The big issue of 2019’s local elections? ‘Housing, housing and housing’
On the canvass with six parties, climate change and broadband also dominate talk
Sinn Féin councillor Malachy Quinn and TD Louise O’Reilly talk to Siobhán Mulligan in Balbriggan. Photograph: Tom Honan
With the local and European elections just days away, candidates around the country are preparing for one last round of canvassing.
About 2,000 contenders have put themselves forward for election, with 949 seats up for grabs.
The Irish Times went on the campaign trail with six of the main parties. Housing stood out as the single biggest issue on the doorsteps but there were plenty of other issues raised: litter, roads, infrastructure, Garda visibility and much more besides.
TD Colm Brophy is standing outside a row of houses near Cabinteely village watching his wife, Maeve O’Connell, a first-time candidate, dart from door to door.
“The first time I met Maeve, I was standing to be the head of young Fine Gael. She was helping to run the campaign of the person opposing me,” he recalls.
“It’s a really weird feeling canvassing for her, and I have canvassed for so many people in my life. There is something very lovely and different about canvassing for your wife. For so many years I have been the beneficiary.”
O’Connell is a first-time candidate who teaches company law and corporate governance at DIT.
She sprints from house to house when she sees that someone has answered the door to one of her many canvassers. Keeping up with her is a challenge.
“It is the first time that I am on this side of the equation,” she says.
On the first successful knock, she has a lengthy conversation with a resident about a nursing home that may be built in a green space. Congestion in the area is also a hot topic among residents.
On the third door she is tackled on housing.
The woman says her daughter was renting for six years and was suddenly given four weeks’ notice to leave on her kids’ first day back at school.
“So, they moved in with us. And we are not the only ones. I know four or five other people around here whose children have moved back in because of the rents. Around here they are starting at €3,000. It is not sustainable. It is nuts.”
O’Connell acknowledges the situation is a challenge and promises to advocate for more affordable housing. Brophy interjects to say schemes are being rolled out to provide “step-down” accommodation for older people who want to sell up.
A man out pushing his grandchild in a buggy stops the team. He says he is trying to build a house next to his own home for his son, but the council turned the application down despite the fact no one objected.
“They are a young couple with a baby paying €2,400 a month in rent,” he says.
He is disgusted with the council, and it has turned him off voting for politicians. He adds that he has four votes in his household that would normally be for Fine Gael.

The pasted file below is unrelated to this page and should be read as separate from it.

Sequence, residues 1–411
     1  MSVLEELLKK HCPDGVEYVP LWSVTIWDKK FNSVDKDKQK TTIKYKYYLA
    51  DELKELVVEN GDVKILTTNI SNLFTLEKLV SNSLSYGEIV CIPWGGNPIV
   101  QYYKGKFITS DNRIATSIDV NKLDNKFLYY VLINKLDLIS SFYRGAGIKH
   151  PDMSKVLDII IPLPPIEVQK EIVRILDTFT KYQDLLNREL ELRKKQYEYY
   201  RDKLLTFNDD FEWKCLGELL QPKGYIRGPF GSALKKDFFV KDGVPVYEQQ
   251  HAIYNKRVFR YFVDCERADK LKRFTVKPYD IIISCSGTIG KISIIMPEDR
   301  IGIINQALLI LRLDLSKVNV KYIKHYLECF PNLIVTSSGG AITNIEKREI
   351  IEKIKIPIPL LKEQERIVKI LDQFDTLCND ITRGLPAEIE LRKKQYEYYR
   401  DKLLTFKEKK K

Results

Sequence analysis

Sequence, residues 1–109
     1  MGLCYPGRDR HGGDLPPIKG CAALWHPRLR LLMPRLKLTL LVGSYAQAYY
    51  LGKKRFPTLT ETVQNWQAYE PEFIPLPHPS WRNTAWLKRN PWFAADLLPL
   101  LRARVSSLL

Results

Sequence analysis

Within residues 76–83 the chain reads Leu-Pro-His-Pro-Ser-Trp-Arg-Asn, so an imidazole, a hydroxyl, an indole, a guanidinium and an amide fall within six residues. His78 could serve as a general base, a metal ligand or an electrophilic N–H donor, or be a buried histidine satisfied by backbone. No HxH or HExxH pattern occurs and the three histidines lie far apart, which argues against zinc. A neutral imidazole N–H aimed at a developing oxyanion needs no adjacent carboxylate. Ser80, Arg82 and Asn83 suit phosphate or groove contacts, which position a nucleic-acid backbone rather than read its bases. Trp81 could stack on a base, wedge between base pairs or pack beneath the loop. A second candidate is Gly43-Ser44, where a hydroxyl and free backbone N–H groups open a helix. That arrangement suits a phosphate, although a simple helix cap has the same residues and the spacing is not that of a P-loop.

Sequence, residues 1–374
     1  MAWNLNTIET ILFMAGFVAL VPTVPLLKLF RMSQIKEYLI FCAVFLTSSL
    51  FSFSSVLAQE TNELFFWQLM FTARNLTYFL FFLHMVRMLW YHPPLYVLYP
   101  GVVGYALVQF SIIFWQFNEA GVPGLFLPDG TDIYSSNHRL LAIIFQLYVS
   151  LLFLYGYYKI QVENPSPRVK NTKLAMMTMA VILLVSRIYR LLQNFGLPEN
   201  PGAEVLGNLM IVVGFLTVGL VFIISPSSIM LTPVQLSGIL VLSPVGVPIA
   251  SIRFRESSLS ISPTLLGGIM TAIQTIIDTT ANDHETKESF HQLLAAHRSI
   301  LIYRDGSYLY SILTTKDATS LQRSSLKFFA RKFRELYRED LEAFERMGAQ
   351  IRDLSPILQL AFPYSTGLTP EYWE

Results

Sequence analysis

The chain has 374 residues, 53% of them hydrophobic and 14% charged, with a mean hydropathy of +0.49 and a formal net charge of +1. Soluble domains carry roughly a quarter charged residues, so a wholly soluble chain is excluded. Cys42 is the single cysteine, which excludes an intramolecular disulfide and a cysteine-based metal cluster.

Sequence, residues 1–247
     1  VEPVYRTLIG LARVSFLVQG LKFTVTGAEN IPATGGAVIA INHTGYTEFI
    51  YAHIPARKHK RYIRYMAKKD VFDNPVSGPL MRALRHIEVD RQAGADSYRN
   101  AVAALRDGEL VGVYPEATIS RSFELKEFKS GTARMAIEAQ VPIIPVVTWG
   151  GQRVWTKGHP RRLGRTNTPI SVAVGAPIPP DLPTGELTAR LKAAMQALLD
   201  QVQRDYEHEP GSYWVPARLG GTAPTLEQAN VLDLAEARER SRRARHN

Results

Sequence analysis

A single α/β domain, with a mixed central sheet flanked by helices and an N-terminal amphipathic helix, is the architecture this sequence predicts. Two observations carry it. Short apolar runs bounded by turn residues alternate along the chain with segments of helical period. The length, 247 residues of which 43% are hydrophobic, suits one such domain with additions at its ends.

During the canvass, Brophy contends that across different areas, the reaction to Fine Gael is positive.
“There is no real issue that is biting in the way there was five years ago,” he says. “In the last local election the water meters were being installed, water charges were firing at you and there was the centralisation of the medical cards. That combination made for a very tough local election. You don’t get that vibe now.”
Asked about the issue of housing, he says: “Yes, you get housing, but you get it in a cross-section of ways. The people recognise there is a problem with housing but they realise we are doing our best to fix it.
“We have a very traditional view of housing in Ireland. It is changing – there are generations now that will accept the idea of renting for life.”
The most recent poll in The Irish Times showed support for the Greens in Dublin up to 10 per cent, while Fine Gael stood at 24 per cent.
On the doors a number of people reference climate change.
“I’ve been Fine Gael my whole life,” O’Connell tells one man, who responds: “Don’t worry, you have my vote. My wife, however, is very much into the Greens at this stage, so it looks like they will get her vote.”
She counters: “Well, my view is that this is something that all parties should be looking at. One of the things that I am advocating for is that we have a carbon-neutral council.”
There are six seats in the Stillorgan area, where O’Connell is running, and 11 candidates contesting them.
A number of doors in the area professed themselves to be Fine Gael households, but much like other candidates, she is taking nothing for granted: she says she won’t rest until all 12,000 doors in the area have been knocked on.
Inside the small Greystones cottage that is Fianna Fáil TD Stephen Donnelly’s campaign office, volunteers and candidates mill around a small “war room”, where the walls are adorned with graphs, grids and canvassing plans.